'There is an Act of Parliament which ordains, That the Dead shall be bury'd in a Woollen Stuff, which is a Kind of a thin Bays, which they call Flannel; nor is it lawful to use the least Needleful of Thread or Silk. (The Intention of this Act is for the Encouragement of the Woollen Manufacture.) This Shift is always White; but there are different Sorts of it as to Fineness, and consequently of different Prices. To make these Dresses is a particular Trade, and there are many that sell nothing else; so that these Habits for the Dead are always to be had ready made, of what Size or Price you please, for People of every Age and Sex. After they have wash'd the Body thoroughly clean, and shav'd it, if it be a Man, and his Beard be grown during his Sickness, they put it on a Flannel Shirt, which has commonly a Sleeve purfled about the Wrists, and the Slit of the Shirt down the Breast done in the same


Manner. When these Ornaments are not of Woollen Lace, they are at least edg'd, and sometimes embroider'd with black Thread. The Shirt shou'd be at least half a Foot longer than the Body, that the Feet of the Deceas'd may be wrapped in it as in a Bag. When they have thus folded the End of the Shirt close to the Feet, they tye the Part that is folded down with a Piece of Woollen Thread, as we do our Stockings; so that the End of the Shirt is done into a Kind of Tuft.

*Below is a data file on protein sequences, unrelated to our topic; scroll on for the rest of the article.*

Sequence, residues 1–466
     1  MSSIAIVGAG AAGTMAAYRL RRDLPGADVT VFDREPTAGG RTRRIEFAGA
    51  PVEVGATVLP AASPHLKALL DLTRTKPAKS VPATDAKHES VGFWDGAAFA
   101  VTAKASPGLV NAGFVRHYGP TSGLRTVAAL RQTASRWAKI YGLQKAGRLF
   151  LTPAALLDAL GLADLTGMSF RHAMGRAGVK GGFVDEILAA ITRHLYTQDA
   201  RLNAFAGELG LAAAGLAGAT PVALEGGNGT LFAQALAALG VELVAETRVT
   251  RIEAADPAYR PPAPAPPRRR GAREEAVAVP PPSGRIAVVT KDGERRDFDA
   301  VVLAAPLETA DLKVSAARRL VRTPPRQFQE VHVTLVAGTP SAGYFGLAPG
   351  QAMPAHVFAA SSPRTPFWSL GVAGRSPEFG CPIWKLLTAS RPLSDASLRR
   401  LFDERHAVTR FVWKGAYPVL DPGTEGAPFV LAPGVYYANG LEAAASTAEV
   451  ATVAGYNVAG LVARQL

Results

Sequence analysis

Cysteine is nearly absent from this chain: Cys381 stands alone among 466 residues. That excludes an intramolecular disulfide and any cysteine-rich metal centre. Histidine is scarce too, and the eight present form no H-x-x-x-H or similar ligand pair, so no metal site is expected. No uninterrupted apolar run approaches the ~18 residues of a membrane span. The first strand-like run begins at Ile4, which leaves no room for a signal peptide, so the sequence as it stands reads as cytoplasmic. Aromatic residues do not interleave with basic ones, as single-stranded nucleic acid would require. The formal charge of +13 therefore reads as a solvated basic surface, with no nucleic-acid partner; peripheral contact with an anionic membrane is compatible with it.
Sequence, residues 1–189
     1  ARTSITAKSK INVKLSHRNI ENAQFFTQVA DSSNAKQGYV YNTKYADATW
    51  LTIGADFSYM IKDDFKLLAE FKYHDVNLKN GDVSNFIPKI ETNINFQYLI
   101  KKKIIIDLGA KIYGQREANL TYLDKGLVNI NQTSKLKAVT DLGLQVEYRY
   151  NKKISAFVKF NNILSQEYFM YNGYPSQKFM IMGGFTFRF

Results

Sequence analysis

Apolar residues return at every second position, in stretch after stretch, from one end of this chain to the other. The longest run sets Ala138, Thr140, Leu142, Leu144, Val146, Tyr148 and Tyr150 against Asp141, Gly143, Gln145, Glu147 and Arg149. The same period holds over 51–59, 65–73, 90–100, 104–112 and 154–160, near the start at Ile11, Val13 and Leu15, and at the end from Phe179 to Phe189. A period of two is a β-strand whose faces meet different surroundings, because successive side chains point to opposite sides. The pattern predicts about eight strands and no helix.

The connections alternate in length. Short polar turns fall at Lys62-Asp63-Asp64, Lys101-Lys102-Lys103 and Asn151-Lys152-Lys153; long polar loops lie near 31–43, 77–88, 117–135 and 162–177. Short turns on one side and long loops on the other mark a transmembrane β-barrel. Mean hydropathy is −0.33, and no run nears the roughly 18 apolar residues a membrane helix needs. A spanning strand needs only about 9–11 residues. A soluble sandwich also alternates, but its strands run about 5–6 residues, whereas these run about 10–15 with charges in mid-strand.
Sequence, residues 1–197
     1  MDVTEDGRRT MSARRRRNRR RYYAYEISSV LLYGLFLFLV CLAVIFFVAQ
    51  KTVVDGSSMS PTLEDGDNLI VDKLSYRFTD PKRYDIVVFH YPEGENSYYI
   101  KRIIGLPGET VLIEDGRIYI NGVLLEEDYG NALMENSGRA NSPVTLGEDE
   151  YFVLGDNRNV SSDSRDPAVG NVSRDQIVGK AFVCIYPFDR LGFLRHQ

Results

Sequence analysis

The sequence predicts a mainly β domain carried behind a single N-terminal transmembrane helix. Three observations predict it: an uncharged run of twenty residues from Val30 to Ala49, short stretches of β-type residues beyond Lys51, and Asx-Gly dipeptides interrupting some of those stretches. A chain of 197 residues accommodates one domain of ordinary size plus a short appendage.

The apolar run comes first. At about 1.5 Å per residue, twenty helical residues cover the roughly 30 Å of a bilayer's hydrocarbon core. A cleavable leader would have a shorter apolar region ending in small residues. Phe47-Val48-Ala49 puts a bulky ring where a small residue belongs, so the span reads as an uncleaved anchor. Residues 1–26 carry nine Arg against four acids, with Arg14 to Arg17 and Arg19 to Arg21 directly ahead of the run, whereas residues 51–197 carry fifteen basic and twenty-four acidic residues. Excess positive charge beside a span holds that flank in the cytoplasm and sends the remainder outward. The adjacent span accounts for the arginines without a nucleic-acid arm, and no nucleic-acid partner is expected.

'Upon the Head they put a Cap, which they fasten with a very broad Chin Cloth, with Gloves on the Hands, and a Cravat round the Neck, all of Woollen. That the Body may ly the softer, some put a Lay of Bran, about four inches thick, at the Bottom of the Coffin. Instead of a Cap, the Women have a Kind of Head Dress, with a Forehead Cloth. The Body being thus equipp'd and laid in the Coffin (which Coffin is sometimes very magnificent), it is visited a second time, to see that it is bury'd in Flannel, and that nothing about it is sowed with Thread. They let it lye three or four Days in this Condition; which Time they allow, as well to give the dead Person an Opportunity of Coming to Life again, if his Soul has not quite left his Body, as to prepare Mourning, and the Ceremonies of the Funeral.